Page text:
Kit home fascination discussed

by Diane K. Bert, Correspondent

The audience at Next Senior Center was fascinated as Wendy and Andrew Mutch described their obsession with kit homes.

The couple lives in a 1926 Sears Hamilton Bungalow kit home and travels widely to visit other kit homes that are among the 100,000 that were built in the United States. Andrew explained, “I do research in studying deeds in county clerks’ offices to find locations.”

Many people are not aware of kit homes. These were manufactured by three major companies from 1908 through the early 1940s. Catalogs described a large variety of home styles from bungalows to colonial styles. Customers could order kits that contained all of the pre-cut framing lumber, roofing, gutters, flooring, millwork, windows, hardware, wallboard, nails, paint, cabinets and built-ins. These parts would be delivered by boxcar and trucked to the building site. Each part was labelled. A detailed instruction book was included that gave sequential directions.

The three major companies included Aladdin, which was based in Bay City. It had been building boat kits which were popular. Sears and Montgomery Ward were the other major sellers. Montgomery Ward homes were sold under the Wardway brand. Because the timber was cut precisely, no cutting had to be done by carpenters. One of the slogans was “No tool but a hammer required.”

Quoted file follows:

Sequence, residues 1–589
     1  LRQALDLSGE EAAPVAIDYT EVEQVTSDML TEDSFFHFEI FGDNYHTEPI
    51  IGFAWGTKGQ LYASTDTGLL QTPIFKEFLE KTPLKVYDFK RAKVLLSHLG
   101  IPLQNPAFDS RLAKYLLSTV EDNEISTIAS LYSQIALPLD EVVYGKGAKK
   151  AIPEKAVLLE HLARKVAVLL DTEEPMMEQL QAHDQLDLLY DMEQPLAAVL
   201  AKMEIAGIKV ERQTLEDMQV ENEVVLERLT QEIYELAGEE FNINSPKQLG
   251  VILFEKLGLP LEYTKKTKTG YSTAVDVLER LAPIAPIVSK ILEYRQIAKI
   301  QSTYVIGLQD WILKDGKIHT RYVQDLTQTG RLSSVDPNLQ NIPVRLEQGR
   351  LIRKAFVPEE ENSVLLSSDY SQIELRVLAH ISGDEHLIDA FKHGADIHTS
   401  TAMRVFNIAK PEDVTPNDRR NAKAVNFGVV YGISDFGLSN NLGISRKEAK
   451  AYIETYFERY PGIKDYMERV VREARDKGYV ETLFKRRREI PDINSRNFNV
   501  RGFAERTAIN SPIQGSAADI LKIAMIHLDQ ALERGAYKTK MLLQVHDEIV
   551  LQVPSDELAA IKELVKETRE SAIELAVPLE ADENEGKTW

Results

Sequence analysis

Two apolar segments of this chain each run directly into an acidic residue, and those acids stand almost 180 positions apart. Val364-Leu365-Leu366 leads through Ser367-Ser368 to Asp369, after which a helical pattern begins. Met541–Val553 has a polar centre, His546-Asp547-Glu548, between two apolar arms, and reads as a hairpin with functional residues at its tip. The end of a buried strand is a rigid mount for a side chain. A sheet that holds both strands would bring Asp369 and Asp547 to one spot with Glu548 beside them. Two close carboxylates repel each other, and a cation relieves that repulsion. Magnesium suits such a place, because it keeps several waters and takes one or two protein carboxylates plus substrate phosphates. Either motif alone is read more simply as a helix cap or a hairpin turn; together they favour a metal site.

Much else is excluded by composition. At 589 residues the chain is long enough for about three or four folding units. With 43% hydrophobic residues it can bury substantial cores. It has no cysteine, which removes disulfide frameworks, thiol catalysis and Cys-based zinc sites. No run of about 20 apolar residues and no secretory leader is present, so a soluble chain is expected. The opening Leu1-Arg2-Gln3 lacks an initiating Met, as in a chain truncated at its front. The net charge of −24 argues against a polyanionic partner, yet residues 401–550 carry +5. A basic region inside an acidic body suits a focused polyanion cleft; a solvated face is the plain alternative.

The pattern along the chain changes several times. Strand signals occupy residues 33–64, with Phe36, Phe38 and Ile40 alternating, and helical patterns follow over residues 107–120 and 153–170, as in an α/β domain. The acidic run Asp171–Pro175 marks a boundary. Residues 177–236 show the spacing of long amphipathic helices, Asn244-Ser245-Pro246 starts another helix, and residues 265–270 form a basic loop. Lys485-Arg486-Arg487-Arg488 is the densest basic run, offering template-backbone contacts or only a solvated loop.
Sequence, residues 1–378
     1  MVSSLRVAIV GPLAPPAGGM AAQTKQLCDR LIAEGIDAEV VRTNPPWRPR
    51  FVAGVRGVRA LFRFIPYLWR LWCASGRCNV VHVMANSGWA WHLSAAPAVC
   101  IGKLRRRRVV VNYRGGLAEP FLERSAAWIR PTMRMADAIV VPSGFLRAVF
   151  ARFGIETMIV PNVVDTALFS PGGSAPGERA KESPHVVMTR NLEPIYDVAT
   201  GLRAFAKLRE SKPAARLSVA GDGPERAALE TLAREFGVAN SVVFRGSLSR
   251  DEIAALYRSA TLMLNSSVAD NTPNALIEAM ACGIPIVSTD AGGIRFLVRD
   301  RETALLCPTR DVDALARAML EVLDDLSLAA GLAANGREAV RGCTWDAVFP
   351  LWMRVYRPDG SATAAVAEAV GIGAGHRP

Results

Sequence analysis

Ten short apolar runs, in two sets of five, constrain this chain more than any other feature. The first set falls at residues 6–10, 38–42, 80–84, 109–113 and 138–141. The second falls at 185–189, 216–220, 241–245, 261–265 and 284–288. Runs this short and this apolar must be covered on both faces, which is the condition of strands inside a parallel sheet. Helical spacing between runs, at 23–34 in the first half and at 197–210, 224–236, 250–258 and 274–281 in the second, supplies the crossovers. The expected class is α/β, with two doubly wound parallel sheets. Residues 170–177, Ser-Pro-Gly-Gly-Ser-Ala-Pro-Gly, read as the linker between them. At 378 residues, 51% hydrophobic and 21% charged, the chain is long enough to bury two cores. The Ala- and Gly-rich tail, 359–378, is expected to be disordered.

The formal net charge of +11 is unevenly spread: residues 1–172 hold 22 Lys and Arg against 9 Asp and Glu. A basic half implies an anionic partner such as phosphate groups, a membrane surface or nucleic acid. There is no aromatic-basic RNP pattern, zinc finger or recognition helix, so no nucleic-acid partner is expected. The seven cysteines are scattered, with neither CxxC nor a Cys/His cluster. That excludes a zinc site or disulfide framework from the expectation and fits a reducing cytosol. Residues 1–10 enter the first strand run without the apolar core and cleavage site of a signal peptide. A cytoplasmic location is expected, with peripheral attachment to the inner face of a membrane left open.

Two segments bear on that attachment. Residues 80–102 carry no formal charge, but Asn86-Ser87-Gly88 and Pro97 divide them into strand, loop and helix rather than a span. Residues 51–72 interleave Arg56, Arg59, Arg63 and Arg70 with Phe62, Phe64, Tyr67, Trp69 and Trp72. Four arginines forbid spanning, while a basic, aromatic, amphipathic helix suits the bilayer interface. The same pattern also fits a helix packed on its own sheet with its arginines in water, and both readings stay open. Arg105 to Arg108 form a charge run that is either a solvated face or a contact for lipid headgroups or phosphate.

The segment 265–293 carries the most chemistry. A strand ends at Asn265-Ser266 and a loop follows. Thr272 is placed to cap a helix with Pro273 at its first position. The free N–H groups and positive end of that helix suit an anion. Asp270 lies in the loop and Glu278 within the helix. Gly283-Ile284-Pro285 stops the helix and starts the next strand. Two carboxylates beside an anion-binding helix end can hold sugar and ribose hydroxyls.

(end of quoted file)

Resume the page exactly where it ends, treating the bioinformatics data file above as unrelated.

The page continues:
Sheds, cottages and barns were also available. Some homes were luxurious.

Homes were advertised in magazines including Lady’s Home Journal and National Geographic. The 1920s were the peak of the era as soldiers and immigrants were seeking housing.

The companies financed the mortgages at a good profit but during the Depression, Sears and Montgomery Ward lost millions. In 1933, Montgomery Ward got out of the business. Sears published a catalog until 1940.

The prices of the homes sound like bargains in today’s world. They might range form $650 to $5,000. With the cost of the foundation and labor it is estimated that the finished home would be double the price of the kit.

Andrew and Wendy shared in presenting the interesting details about the kit homes. They noted that there were many in the Birmingham area but many have been tear downs as area residents sought larger homes. There are a few remaining. The cemetery office building at Rosaland Park Cemetery is a Sears kit home.

The Mutches showed many kit homes in their presentation. The variety of styles was interesting. It is estimated that the Sears designs exceeded 370. This lecture provided insights into a widespread aspect of architecture and building that was unknown to most people. The lecture was sponsored by Baldwin House.

Diane K. Bert is a Bloomfield Hills resident with a PhD in educational psychology from Wayne State University. She's a regular contributor to the Birmingham Eccentric.

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